Sim cards can be easily hacked
Karsten Nohl claims that some SIM cards feature a flaw in the encryption technology, so that telephones with the cards can be spied on.
This flaw enables the hackers to send a spoof text message to the device. The latter will answer by revealing the 56-bit data encryption standard key (DES). Using the key, the attacker gains possibility to install dangerous software on the device and even listen in on your phone calls, access/send text messages and much more.
Nearly half of all SIM cards in use today are based on the DES encryption rather than a more secure triple-DES one. When carrying out the testing, Nohl managed to access about 25% of SIM cards. He forecasts that 750 million phones can be affected by this vulnerability.
Give me any phone number and there is some chance I will, a few minutes later, be able to remotely control this SIM card and even make a copy of it
Nohl also described in detail how the attack is performed.
In early 2011, Nohl’s team started toying with the OTA protocol and noticed that when they used it to send commands to several SIM cards, some would refuse the command due to an incorrect cryptographic signature, while a few of those would also put a cryptographic signature on this error message.
With that signature and using a well known cryptographic method called rainbow tables, Nohl was able to crack the encryption key on the SIM card in about one minute. Carriers use this key to remotely program a SIM, and it is unique to each card.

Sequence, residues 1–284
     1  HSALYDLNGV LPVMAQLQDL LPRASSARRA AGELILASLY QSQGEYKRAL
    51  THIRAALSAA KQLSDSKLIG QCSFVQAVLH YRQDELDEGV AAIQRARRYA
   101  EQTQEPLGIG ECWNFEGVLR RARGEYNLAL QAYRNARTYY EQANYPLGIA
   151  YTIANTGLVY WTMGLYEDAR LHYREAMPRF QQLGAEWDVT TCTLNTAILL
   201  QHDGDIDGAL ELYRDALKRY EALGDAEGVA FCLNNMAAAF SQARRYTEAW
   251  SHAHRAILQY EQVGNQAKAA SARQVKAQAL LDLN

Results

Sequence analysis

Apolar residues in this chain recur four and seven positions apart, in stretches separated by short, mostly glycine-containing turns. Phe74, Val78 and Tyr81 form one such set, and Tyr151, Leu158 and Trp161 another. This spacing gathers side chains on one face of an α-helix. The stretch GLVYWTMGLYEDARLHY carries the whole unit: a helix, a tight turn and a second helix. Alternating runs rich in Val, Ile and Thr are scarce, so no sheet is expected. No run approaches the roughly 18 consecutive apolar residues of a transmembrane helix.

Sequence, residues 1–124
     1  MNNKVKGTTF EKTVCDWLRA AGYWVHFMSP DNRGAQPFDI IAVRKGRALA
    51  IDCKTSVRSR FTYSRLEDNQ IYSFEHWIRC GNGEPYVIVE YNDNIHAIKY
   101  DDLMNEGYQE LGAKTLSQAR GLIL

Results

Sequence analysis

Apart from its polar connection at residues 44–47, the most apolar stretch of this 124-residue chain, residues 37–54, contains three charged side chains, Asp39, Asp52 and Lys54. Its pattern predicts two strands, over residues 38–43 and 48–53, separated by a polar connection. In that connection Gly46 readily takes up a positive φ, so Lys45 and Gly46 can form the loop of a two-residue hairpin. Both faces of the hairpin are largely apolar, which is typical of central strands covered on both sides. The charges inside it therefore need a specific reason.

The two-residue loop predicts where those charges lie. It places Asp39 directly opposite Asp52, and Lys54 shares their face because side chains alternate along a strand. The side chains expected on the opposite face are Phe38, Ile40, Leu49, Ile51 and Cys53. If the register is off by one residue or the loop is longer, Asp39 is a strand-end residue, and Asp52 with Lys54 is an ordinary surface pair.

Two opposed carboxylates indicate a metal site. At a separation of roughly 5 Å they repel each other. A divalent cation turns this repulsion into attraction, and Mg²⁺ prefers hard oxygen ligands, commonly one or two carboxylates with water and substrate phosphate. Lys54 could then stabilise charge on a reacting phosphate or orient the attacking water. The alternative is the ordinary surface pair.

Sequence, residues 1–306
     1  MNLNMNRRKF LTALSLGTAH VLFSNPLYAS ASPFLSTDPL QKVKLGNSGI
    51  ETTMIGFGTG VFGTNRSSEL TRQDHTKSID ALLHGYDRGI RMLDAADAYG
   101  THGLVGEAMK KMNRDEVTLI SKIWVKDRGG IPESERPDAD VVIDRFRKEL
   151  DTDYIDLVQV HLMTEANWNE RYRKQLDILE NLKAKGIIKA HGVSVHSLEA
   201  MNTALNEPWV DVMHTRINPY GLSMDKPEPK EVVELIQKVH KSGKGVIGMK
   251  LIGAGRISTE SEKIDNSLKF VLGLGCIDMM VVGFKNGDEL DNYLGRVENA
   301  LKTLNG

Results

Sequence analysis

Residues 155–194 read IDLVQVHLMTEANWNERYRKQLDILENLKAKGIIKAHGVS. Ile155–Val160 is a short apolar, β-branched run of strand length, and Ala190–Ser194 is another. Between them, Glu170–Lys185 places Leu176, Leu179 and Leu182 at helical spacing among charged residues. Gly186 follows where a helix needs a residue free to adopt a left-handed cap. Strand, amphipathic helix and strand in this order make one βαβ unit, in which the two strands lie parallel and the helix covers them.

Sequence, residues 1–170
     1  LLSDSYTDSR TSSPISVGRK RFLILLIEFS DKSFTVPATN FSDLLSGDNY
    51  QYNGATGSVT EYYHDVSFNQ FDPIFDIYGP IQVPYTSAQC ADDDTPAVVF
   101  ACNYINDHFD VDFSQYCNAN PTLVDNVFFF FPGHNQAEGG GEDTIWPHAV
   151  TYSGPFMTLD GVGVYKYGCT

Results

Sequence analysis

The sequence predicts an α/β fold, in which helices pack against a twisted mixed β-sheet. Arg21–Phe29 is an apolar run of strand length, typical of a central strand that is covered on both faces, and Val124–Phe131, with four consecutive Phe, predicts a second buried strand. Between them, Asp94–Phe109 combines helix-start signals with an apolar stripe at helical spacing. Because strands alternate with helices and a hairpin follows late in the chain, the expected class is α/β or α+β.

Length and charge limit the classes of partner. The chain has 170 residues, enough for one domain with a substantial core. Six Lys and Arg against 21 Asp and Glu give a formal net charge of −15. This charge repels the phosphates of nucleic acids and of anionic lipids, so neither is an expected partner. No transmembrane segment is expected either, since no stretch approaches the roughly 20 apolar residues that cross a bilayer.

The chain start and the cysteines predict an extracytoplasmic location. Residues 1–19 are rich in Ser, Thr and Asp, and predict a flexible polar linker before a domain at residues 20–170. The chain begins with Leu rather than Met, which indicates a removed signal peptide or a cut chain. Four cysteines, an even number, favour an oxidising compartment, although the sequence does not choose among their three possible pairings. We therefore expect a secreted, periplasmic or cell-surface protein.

“Anybody who learns the key of a particular SIM can load any application on the SIM he wants, including malicious code,” says Jasper Van Woudenberg, CTO North America of smart-card security firm Riscure.
“We had almost given up on the idea of breaking the most widely deployed use of standard cryptography,” says Nohl, but it felt “great” to finally gain control of a SIM after many months of unsuccessful testing.
With the all-important (and till-now elusive) encryption key, Nohl could download a virus onto the SIM card that could send premium text messages, collect location data, make premium calls or re-route calls. A malicious hacker could eavesdrop on calls, albeit with the SIM owner probably noticing some suspiciously-slow connections.
Nohl worked as e security researcher as well, and he exposed GSM's weak encryption that enabled anyone with the right tools to listen in on cellphone calls. So the system to encrypt GSM calls was strengthened. Nohl claims carriers should change SIMs using DES for a better filter technology to block telephone hacking.
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